Recently I was at a christening reception in a really nice local hotel. Being the newly appointed Godfather it was a working lunch for me as I was very busy imparting all my spiritual guidance to the worlds newest little catholic but I was still able to appreciate the amazing food. While all the food was gorgeous I thought the bread basket at the start was particularly interesting. There was a white loaf with black pudding through it which I will definitely be trying and there was also this treacle and walnut bread which was so so so good. I meant to get the recipe before leaving but I must have been too caught up with renouncing Satan because it slipped my mind. A few days later, once I stopped renouncing Satan and had more time on my hands, I found the recipe online so decided to give it a go!
The whole thing was really easy and so tasty! Standard procedure, mix dry ingredients, add wet ingredients, mix to combine and bake. I did however make two pretty stupid mistakes that you might want to side-step. First, I used a silicon loaf tin because I knew that this wouldn’t need to be greased or lined and getting the loaf out would be easy, which it was, but because the silicon is soft the bread expanded outwards instead of rising up as it would have done in a metal tin. This made for some crazy looking bread but still so tasty! Mistake #2 came when I foresaw issues in measuring out the 100 ml of the very dense and sticky treacle. I happen to know a thing or two about kitchen messes and my own tendency for creating them so when the recipe said to add 100 ml of treacle, I thought I was being very clever mixing the milk and egg in a bowl, putting it on the scales, re-zeroing it and adding 100 g of treacle to the bowl where it could be mixed with the wet ingredients and added to the dry. Easy as pie, no muss, no fuss! I had avoided using and dirtying a measuring cup, trying to scrape every last bit out of the measuring cup with a sticky spoon, putting the sticky spoon down to attempt with a rubber spatula, drops and ribbons of tar-like treacle going everywhere, the counter, my hands, things that touch the counter or my hands. At the risk of sounding dramatic, I knew the stickiness would have spread and travelled like a virus reaching pandemic levels resulting in weeks of me replying “No idea!” whenever anyone would ask “Why is this sticky?” Thrilled with myself for avoiding all that drama. There was just one flaw. 100 ml of treacle does not weigh 100 g. Because water, milk and most other liquids have the same weight and volume I mistakenly used 100 g instead of 100 ml when 100 ml of treacle actually weighs 139 g according to convert-to.com. So if you try this recipe and would like to avoid a sticky catastrophy make sure you add 139 GRAMS to the wet ingredients, or, mix the wet ingredients in a measuring cup and add treacle until the surface of the milk rises by 100 MILLILITRES.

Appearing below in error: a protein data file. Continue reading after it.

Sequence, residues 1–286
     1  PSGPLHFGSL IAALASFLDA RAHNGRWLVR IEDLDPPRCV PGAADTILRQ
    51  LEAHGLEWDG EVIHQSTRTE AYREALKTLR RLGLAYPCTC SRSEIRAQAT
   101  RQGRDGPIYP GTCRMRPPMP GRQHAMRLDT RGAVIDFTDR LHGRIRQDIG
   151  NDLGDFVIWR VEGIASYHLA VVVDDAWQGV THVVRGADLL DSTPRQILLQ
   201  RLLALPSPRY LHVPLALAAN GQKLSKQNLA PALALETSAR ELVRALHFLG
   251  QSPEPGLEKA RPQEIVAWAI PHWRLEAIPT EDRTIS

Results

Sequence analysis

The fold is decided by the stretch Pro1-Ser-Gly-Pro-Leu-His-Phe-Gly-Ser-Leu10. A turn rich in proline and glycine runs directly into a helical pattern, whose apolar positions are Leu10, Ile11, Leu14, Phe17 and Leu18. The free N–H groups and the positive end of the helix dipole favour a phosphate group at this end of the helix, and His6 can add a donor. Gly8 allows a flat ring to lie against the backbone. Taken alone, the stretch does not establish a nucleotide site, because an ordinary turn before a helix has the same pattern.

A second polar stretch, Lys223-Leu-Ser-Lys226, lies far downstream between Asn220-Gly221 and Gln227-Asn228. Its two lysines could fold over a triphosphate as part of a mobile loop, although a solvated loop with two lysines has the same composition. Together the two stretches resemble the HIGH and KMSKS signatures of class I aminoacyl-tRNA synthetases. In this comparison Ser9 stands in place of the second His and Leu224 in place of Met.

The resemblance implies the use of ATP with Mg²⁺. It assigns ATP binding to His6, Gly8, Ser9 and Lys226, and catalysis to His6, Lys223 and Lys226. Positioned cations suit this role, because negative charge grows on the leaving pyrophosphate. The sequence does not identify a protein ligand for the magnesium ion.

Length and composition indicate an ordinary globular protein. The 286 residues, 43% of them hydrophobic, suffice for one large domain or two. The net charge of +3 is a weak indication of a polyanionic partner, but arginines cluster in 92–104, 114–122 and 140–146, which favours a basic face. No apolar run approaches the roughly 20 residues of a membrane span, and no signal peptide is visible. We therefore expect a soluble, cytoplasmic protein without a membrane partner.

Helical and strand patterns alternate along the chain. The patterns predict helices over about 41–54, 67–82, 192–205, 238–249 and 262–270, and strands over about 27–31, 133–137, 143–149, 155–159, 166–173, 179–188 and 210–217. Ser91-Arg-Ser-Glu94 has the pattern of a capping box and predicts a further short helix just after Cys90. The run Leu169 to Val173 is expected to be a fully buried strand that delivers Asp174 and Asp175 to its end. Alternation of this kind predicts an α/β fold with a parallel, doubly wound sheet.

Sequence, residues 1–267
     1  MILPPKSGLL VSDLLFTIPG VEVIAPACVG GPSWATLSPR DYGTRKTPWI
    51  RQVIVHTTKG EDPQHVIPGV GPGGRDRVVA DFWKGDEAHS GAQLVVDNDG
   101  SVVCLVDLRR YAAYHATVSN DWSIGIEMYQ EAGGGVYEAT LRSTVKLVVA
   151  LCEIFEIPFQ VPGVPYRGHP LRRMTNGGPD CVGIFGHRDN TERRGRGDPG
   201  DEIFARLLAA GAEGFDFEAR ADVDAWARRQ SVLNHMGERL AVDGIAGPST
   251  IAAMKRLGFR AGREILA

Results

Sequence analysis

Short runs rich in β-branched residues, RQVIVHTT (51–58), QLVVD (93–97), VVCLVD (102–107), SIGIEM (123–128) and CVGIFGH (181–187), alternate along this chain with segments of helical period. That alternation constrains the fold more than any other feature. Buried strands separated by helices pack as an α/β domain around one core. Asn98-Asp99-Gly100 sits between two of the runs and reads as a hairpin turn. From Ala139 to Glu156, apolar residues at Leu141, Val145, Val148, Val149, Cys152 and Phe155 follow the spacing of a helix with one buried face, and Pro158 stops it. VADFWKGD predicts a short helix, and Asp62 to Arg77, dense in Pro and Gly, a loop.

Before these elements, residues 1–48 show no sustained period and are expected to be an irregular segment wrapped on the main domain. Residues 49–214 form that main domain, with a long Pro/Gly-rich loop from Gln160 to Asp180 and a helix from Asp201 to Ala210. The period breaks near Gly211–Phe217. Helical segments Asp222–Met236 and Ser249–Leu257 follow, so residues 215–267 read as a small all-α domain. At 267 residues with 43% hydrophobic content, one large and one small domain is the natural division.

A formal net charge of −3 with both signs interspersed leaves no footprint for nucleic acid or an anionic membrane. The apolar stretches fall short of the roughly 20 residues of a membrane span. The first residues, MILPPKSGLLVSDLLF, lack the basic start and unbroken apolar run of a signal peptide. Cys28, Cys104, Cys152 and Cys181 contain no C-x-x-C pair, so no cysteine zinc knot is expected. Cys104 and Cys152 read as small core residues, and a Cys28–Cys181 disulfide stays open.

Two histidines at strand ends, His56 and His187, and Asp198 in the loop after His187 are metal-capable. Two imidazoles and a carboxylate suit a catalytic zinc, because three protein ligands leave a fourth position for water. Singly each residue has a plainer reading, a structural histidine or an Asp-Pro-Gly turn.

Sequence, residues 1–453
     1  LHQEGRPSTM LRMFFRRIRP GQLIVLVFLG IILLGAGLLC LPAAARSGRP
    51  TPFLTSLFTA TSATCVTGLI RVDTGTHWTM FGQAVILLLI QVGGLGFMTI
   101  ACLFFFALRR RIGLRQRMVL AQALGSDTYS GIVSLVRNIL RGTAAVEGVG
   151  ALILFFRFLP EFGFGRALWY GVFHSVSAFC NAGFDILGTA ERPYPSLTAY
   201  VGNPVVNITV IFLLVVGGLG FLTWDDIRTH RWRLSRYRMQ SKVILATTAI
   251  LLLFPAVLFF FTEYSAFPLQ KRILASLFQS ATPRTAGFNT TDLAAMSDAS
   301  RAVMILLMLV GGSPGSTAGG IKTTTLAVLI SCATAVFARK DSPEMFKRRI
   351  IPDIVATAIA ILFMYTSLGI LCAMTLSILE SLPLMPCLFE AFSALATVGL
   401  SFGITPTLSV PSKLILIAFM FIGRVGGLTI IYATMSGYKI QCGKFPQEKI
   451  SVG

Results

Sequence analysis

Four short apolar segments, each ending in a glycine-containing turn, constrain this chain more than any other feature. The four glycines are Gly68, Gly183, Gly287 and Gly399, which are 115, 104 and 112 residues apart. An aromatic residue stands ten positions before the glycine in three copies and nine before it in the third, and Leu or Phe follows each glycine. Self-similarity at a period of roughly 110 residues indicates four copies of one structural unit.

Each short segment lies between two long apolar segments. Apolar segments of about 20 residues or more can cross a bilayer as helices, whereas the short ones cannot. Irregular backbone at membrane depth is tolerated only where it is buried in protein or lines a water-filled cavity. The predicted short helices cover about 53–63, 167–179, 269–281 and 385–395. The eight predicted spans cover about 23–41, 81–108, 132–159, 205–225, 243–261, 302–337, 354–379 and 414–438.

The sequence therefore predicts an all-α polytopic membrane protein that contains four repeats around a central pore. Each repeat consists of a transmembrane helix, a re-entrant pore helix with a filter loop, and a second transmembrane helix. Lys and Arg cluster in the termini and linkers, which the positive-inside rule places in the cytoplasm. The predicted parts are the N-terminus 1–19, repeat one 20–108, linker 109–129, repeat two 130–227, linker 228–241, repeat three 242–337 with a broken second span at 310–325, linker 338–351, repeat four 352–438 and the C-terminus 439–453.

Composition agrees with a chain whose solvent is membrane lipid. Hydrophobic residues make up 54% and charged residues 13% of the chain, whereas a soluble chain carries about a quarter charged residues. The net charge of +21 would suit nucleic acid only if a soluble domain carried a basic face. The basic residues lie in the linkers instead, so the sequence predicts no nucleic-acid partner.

This was so tasty and hearty and was almost like a meal in itself with just a little butter and I would definitely recommend it, in spite of being twice out-foxed by bread. Just use your loaf!
- 230 g strong bread flour
- 230 g wholemeal flour
- 60 g jumbo porridge oats
- 1 tsp salt
- 60 g sugar
- 3 tsp baking powder
- 1.5 tsp bread soda/bicarbonate of soda
- 1 egg
- 600 ml milk
- 2 handfuls of walnuts
- 100 ml black treacle
- Preheat the oven to 160 degrees Celsius.
- Mix the flours, oats, salt, sugar, baking powder and bread soda in the bowl of a mixer.
- Whisk together the milk, egg and treacle before adding to the dry ingredients along with the walnuts.
- Mix until combined and a wet dough is formed.
- Pour into a parchment lined baking tin and bake for 50 minutes or until a skewer comes out clean.